It was apparent in the early days of IT development that working on large-scale projects without a dedicated project management model was difficult and repetitive.
Many organizations developed their native implementations that led to the creation and adaptation of traditional models such as the Waterfall, Spiral, Iterative, V-shaped, etc.
Though, they all met the needs of early development projects. However, with the advancement of computing technology, the dot-com boom, and the growing demand for software, these models struggled to adapt to the changing environment both during and after the development lifecycle of the product.
Consequently, many organizations suffered decreased shelf life of products and failed to meet customer requirements before delivery.
And then, something revolutionary happened – The Agile manifesto.
The manifesto helps to address the project management issues based on the core principles.
Today, companies can use different variations of agile models delivered by a number of tools backed by those principles.
Firstly, we recommend you go through the 12 core principles behind the agile manifesto. And then, we’ll explore the five best agile tools and methodologies that are commonly used by organizations.
- 1. ClickUp: New favorite project management and productivity tool
- 2. Jira: Most popular agile tool among project managers
- 3. Teamwork: Best agile software for individuals or small team
- 4. Forecast: Best AI-powered automation feature for agile projects
- 5. Monday.com: Best beginner-friendly agile software
- Agile Project Management Techniques You Should Know
- 1. Kanban: A versatile agile methodology
- 2. Scrum: The best technique for product development
- 3. Crystal methodology: A flexible and user-centric agile framework
- 4. Extreme programming: Reliable technique to handle critical situations
- 5. DSDM Methodology: Best for Dynamic and fast-paced project development
- Final words
1. ClickUp: New favorite project management and productivity tool
ClickUp is a cloud-based project management app made for all types and sizes of business. It offers every tool and feature to manage projects for clients, assign tasks and collaborate with the team in a visible way.
With ClickUp, working on agile methodologies becomes easier and flexible. Thanks to its high customization capabilities and ease of use!
It might be a fresh tool for project managers but is quite intuitive with its design and functionalities. You can make any type of adjustments to the workspace with the available themes, colors, and drag and drop features in a few clicks.
Its main purpose is to increase employee productivity to a certain degree. Whether you’re a small business or an emerging brand, ClickUp can live up to your expectations.
- Its customizability lets agile development teams create Scrum/Kanban dashboards and use them to manage sprints, bug tracking, and view the progress of the product.
- With workflow automation, it allows developers to automate the sprint system, reduce the mundane tasks and efficiently allocate the resources.
- Easy for developers to integrate with tools like Github, Bitbucket as well as sync with the communication apps such as Zoom, Slack, etc.
- ClickUp offers a wide array of features that are available only in paid plans of other tools. Therefore, it reduces the dependencies from using add-on or other task management software.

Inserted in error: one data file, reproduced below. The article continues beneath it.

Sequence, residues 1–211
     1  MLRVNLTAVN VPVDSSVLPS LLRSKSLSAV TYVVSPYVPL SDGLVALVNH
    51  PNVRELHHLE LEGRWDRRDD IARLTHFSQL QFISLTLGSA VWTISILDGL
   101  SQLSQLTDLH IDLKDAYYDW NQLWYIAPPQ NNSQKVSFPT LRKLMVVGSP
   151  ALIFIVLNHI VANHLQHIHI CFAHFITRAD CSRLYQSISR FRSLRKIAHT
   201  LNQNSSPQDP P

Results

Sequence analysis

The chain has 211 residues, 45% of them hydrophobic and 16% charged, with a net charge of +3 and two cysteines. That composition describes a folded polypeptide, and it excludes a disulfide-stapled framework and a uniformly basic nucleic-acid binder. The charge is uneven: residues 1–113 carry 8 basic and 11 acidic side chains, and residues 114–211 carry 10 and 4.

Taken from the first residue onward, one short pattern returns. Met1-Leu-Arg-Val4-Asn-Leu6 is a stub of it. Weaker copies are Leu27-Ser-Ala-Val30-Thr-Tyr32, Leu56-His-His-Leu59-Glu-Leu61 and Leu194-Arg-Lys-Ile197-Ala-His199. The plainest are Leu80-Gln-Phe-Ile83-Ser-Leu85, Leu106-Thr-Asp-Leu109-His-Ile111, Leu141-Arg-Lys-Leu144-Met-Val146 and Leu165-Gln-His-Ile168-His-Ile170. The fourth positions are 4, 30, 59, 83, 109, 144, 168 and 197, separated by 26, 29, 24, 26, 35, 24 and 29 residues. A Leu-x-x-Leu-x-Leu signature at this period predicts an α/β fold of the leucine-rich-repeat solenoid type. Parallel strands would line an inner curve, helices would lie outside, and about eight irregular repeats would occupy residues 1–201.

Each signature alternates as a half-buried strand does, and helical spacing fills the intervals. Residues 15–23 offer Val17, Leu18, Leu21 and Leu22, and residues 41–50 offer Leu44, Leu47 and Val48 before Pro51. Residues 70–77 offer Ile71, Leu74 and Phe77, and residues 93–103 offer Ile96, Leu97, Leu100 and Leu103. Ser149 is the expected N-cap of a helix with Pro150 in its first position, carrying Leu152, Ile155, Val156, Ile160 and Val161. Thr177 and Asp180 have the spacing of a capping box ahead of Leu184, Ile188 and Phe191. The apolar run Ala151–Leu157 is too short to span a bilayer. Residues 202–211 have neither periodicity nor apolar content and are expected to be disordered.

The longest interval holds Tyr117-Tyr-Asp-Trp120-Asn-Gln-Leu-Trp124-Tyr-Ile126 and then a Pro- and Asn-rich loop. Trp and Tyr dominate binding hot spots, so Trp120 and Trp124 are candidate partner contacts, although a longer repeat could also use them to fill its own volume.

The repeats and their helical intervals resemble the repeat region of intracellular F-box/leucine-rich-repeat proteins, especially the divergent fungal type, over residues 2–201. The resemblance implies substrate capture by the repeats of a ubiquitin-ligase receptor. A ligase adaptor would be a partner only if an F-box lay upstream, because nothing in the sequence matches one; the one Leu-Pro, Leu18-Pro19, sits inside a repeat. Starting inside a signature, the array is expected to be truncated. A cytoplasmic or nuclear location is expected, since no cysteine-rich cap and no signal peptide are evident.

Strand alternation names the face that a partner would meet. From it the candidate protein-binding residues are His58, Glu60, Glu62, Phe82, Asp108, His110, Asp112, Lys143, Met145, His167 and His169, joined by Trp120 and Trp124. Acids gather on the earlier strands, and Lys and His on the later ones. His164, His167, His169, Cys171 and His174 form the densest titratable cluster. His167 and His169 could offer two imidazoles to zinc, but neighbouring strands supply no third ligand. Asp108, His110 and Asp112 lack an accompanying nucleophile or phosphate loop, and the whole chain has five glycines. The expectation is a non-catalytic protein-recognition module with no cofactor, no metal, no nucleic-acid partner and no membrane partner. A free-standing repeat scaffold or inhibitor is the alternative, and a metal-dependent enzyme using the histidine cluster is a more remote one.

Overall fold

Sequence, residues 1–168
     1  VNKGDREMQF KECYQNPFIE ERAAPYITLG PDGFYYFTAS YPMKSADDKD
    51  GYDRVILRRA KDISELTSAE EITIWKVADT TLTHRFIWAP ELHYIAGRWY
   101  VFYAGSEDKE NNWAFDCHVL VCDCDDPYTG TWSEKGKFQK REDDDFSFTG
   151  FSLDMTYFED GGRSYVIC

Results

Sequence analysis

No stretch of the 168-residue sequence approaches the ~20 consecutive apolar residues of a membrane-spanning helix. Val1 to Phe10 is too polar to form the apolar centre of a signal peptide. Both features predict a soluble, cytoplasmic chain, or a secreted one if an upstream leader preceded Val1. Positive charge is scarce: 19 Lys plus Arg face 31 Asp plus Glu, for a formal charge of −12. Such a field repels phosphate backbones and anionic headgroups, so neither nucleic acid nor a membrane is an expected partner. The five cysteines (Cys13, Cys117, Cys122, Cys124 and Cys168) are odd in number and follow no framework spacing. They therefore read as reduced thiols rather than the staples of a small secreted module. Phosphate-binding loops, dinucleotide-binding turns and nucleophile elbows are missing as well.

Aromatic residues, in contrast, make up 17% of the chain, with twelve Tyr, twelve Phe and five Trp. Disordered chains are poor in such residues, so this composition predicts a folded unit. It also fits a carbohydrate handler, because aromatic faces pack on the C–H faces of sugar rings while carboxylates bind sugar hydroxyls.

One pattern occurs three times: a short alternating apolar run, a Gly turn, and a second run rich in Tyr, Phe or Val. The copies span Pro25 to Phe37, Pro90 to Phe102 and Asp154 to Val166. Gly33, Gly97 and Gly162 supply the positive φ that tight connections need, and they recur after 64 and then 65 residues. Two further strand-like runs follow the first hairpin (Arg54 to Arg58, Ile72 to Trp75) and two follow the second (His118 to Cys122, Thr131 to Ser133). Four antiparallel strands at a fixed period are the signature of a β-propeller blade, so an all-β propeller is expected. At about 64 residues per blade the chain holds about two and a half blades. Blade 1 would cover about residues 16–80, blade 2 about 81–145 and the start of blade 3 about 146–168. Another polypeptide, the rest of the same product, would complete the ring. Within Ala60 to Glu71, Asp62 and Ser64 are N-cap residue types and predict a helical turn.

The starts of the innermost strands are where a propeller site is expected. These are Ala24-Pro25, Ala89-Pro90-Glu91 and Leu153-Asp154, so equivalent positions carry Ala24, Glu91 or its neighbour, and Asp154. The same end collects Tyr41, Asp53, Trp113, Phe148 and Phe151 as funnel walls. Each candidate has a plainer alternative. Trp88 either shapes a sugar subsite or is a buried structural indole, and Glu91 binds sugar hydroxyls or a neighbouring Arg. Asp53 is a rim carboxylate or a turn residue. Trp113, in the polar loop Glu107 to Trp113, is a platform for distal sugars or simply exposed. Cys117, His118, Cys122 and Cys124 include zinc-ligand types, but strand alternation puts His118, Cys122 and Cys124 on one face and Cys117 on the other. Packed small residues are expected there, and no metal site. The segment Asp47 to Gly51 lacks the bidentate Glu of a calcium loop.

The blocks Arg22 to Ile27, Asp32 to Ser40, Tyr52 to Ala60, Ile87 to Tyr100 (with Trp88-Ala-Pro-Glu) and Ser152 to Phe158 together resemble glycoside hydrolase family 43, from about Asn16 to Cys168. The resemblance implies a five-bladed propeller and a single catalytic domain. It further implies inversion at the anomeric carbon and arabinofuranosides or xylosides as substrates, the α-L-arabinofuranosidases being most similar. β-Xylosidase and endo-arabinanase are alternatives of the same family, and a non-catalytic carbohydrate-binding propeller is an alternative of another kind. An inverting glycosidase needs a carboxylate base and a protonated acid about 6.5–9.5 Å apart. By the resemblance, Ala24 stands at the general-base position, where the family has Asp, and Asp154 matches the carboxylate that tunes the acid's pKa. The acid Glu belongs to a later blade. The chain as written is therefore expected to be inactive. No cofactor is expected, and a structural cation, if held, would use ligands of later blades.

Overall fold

2. Jira: Most popular agile tool among project managers
Atlassian’s Jira is undoubtedly one of the most used project management software in the IT industry. For the last two decades, Jira has been the top priority for issue tracking solutions.
And with the advent of agile methodologies, Jira has extended its functionalities beyond development teams such as HR operations, marketing, legalities, sales, etc.
HR managers can use Jira to improve their internal workflows and ease the hiring process. Sales personnel can keep track of the customer’s journey and bring effective selling strategies. Marketing teams can use it to bridge the gap between the teams, identify high-value projects and work coherently.
- Jira’s core components are bug tracking and issue management that help developers to locate the bugs and address them accordingly.
- Agile reporting helps to get real-time insights on a team’s performance with the help of sprint reports, burndown charts, version reports, cumulative flow diagrams, etc.
- Intuitive drag and drop feature to reorder the components on the backlog, for example, bugs, user stories, etc.
- Rich integration feature to boost the software’s functionality with the availability of over 3000 third-party apps.
3. Teamwork: Best agile software for individuals or small team
Teamwork was previously known as Digital Crew that was customized web development and intranet service provider. But with the advent of team collaboration systems in the market, it expanded to agile development. And right from the beginning, it focused on offering adaptable project management solutions, especially for small groups.
Its key offerings include in-built messaging, version control, file sharing, time tracking, task management, and project budgeting. It also features capacity management that keeps track of the resources required to cater to the business needs in a cost-effective manner.
Teamwork’s intuitive UI makes it a good fit for small businesses just like how Jira’s UI fits well for large companies.
With the Kanban board, teams can plan and build products without forcing a process on anyone. Rather, it helps you create multiple boards within the project for different teams such that you can track the workflow in every team.
The best part is the bird’s-eye view that efficiently helps you use a time-tracking system to see how much time team members spent on the project.
Teamwork is undoubtedly the best affordable agile tool especially for a very small team and even if you’re a freelancer.
- Teamwork’s dashboard design is concise and much less confusing. It uses simple terminologies for each feature.
- A clean UI that facilitates shorter paths for actions around tasks.
- You can have all your tasks and subtasks in a single project view where you can drag and drop items with ease and hide those that don’t matter.